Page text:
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Members include Christopher Acland (born September 7, 1966, in Lancaster, England), drums; Emma Anderson (born June 10, 1967, in London, England), guitar, backing vocals; Meriel Barham, vocals; Miki Berenyi (born March 18, 1967, in London, England; replaced Barham, 1988), vocals, guitar; Philip King (born April 28, 1960, in London, England; replaced Rippon, c. 1992), bass guitar; Steve Rippon, bass guitar. Addresses: Record company--4AD, 8533 Melrose Ave., Suite B, Los Angeles, CA 90069; Reprise Records, 75 Rockefeller Plaza, New York, NY 10019.
Lush presents a vision that is sometimes pure stratospheric waltzing, sometimes ethereal thrash-core, and sometimes (as on the band's version of Abba's 'Hey Hey Helen') just plain absurd," remarked David Quantick in Spin. Ethereal, moody, and spooky are certainly often-used terms in describing the British group, but vocalist/guitarist Miki Berenyi insisted in Spin, "There is rocking out." Enigmatic in interviews, Lush bandmembers usually let the songs speak for themselves and do not mind that they don't get the club play that fellow Brit dance bands command, instead asserting that they just want respect for what Quantick called their "tiny-pearl-dropped-into-the-milky-ocean-of-serenity vibe."
At the age of 14, Berenyi met future bandmate Emma Anderson at Queen's College in England. They found they had a common bond: their parents had bounced them both from school to school depending on family finances at the time. Two years later, the two teenagers wrote and produced a fanzine called Alphabet Soup, which only lasted for five issues. In 1988 Berenyi studied English literature at London's Polytechnic University, where she met drummer Christopher Acland, bassist Steve Rippon, and singer Meriel Barham. Along with Anderson, they decided to form their own band. Anderson's friend Kevin Pickering told her he thought Lush would be a perfect name for a band. Anderson agreed, suggested the name to the band, and they started writing and rehearsing. After that conversation, Anderson never saw Pickering again.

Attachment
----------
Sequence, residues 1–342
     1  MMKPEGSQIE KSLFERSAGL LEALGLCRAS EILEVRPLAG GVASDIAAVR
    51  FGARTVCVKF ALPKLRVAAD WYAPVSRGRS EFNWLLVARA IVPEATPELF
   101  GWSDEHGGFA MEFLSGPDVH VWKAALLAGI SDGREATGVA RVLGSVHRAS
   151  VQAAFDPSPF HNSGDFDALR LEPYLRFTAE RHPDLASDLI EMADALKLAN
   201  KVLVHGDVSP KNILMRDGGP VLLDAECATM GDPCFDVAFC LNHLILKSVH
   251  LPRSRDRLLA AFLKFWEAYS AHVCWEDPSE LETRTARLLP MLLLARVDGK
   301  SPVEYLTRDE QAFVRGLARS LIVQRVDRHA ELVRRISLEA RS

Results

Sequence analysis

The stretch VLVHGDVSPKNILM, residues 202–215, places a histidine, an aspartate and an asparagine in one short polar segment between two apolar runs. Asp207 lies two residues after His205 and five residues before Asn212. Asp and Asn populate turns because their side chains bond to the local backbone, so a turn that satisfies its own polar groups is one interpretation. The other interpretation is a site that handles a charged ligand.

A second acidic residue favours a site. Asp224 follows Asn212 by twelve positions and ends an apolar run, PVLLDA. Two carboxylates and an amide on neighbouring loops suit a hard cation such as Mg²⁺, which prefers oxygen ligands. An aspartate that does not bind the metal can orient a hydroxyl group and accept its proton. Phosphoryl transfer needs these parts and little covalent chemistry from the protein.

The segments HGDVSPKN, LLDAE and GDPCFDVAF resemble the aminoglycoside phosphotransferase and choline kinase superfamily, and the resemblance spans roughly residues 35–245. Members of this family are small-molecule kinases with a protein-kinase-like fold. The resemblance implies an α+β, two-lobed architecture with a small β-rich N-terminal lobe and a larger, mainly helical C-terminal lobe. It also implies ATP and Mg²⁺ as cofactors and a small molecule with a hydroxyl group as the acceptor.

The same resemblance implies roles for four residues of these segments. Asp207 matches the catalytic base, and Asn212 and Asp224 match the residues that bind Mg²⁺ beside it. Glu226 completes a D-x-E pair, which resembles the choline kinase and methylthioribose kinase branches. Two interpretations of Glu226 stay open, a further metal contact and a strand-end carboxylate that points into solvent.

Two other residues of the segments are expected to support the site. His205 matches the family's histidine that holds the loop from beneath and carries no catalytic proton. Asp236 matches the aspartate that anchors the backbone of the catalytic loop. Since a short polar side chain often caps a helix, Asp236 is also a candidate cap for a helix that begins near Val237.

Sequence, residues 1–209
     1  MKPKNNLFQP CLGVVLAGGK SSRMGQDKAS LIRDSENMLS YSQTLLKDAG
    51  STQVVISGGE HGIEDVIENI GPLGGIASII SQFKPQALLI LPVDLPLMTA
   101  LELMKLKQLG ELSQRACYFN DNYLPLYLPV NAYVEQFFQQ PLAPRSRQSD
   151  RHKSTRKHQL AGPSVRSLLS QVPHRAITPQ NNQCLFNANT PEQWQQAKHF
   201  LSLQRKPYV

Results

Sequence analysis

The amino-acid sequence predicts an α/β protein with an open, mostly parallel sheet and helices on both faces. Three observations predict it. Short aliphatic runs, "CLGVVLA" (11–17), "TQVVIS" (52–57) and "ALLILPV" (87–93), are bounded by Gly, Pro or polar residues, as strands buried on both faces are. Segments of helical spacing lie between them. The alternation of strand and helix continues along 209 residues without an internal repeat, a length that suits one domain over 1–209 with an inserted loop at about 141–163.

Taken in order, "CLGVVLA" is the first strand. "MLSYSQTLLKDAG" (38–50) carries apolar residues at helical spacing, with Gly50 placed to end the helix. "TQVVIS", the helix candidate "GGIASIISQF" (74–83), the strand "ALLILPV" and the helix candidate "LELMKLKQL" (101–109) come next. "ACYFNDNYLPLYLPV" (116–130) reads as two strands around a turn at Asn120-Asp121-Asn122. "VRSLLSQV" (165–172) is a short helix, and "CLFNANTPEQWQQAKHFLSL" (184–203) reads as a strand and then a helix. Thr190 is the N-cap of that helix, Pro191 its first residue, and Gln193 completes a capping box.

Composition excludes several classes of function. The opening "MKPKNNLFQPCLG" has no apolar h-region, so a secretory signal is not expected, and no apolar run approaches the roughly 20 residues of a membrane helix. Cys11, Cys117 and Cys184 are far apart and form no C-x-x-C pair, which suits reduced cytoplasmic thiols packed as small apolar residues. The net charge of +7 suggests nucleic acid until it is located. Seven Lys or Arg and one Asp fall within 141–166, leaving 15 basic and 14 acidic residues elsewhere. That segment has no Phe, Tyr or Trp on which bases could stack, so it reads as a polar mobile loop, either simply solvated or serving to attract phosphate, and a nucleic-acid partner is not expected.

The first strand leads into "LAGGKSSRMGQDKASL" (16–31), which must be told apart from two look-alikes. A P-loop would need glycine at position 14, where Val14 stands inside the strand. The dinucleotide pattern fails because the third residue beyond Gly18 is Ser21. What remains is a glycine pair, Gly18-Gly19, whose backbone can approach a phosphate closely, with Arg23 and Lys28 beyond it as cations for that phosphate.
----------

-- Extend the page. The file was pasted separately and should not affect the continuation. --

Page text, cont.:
On March 6, 1988, Lush played their very first performance at Camden Falcon in London. Not long after the band's first show, the U.K. press started to take notice with favorable reviews. But Barham decided he didn't want to stay with the band and later went on to join Lush's 4AD labelmates, the Pale Saints. The remaining members of Lush placed ads in local papers looking for Barham's replacement, but they couldn't find the singer they wanted. Berenyi took over the vocals, and the band continued to perform in clubs around London.
In January of 1989 Chris Roberts in Melody Maker wrote a rave review of Lush, describing them as "a delta," "irresistible" and "monstrously wonderful." Once the magazine hit the street, Lush received nonstop phone calls from record companies interested in the band. By the summer, 4AD Records had sent them into the studio with producer John Fryer to record a three-song demo called Etheriel. Those three songs became the first side of Lush's debut mini-album, titled Scar, which they released that fall.
When Chris Roberts interviewed Lush for Melody Maker following his original review, he wrote his impression of the band off the stage: "Lush apologize a lot, whine a lot, fall silent a lot and say, 'I dunno' a lot." The members of the band apologized for any flaws they saw in themselves as a brand-new, still-growing band before any music critic could knock them. But the reviews remained favorable. Lush became their own worst critics. Though their success came relatively quickly, they strived to adapt while continuing to improve their songs and their performances. "I remember when I couldn't play, I wasn't in a band, didn't know anyone else who could play, and now we've got a record out on 4AD. I sometimes find it impossible to come to terms with what's happening," Anderson told Everett True in Melody Maker.
On February 26, 1990, Lush released their next EP, Mad Love, and its first single, "Sweetness and Light." Produced by Cocteau Twins' guitarist Robin Guthrie, Mad Love provided another step in their musical growth and got the attention of Warner/Reprise Records, who licensed the band's releases in the United States. Lush didn't set out on a certain plan in their career from this point; they put aside ambition and decided to take things one step at a time.
Anderson and Berenyi continued to write all Lush's material from a "female" rather than "feminist" point of view, and they immediately became the focal point of the band. Annie Liebowitz, the world-famous photographer, saw their picture in a magazine and wanted to set them up as models for the "look of the '90s" in advertising campaigns for companies like the Gap. But the band continued to put all their energy into their music. In December of 1990 4AD/Reprise compiled and released Lush's two preceding EPs as Gala, their first release in the United States. The group named the album after Salvador Dali's wife.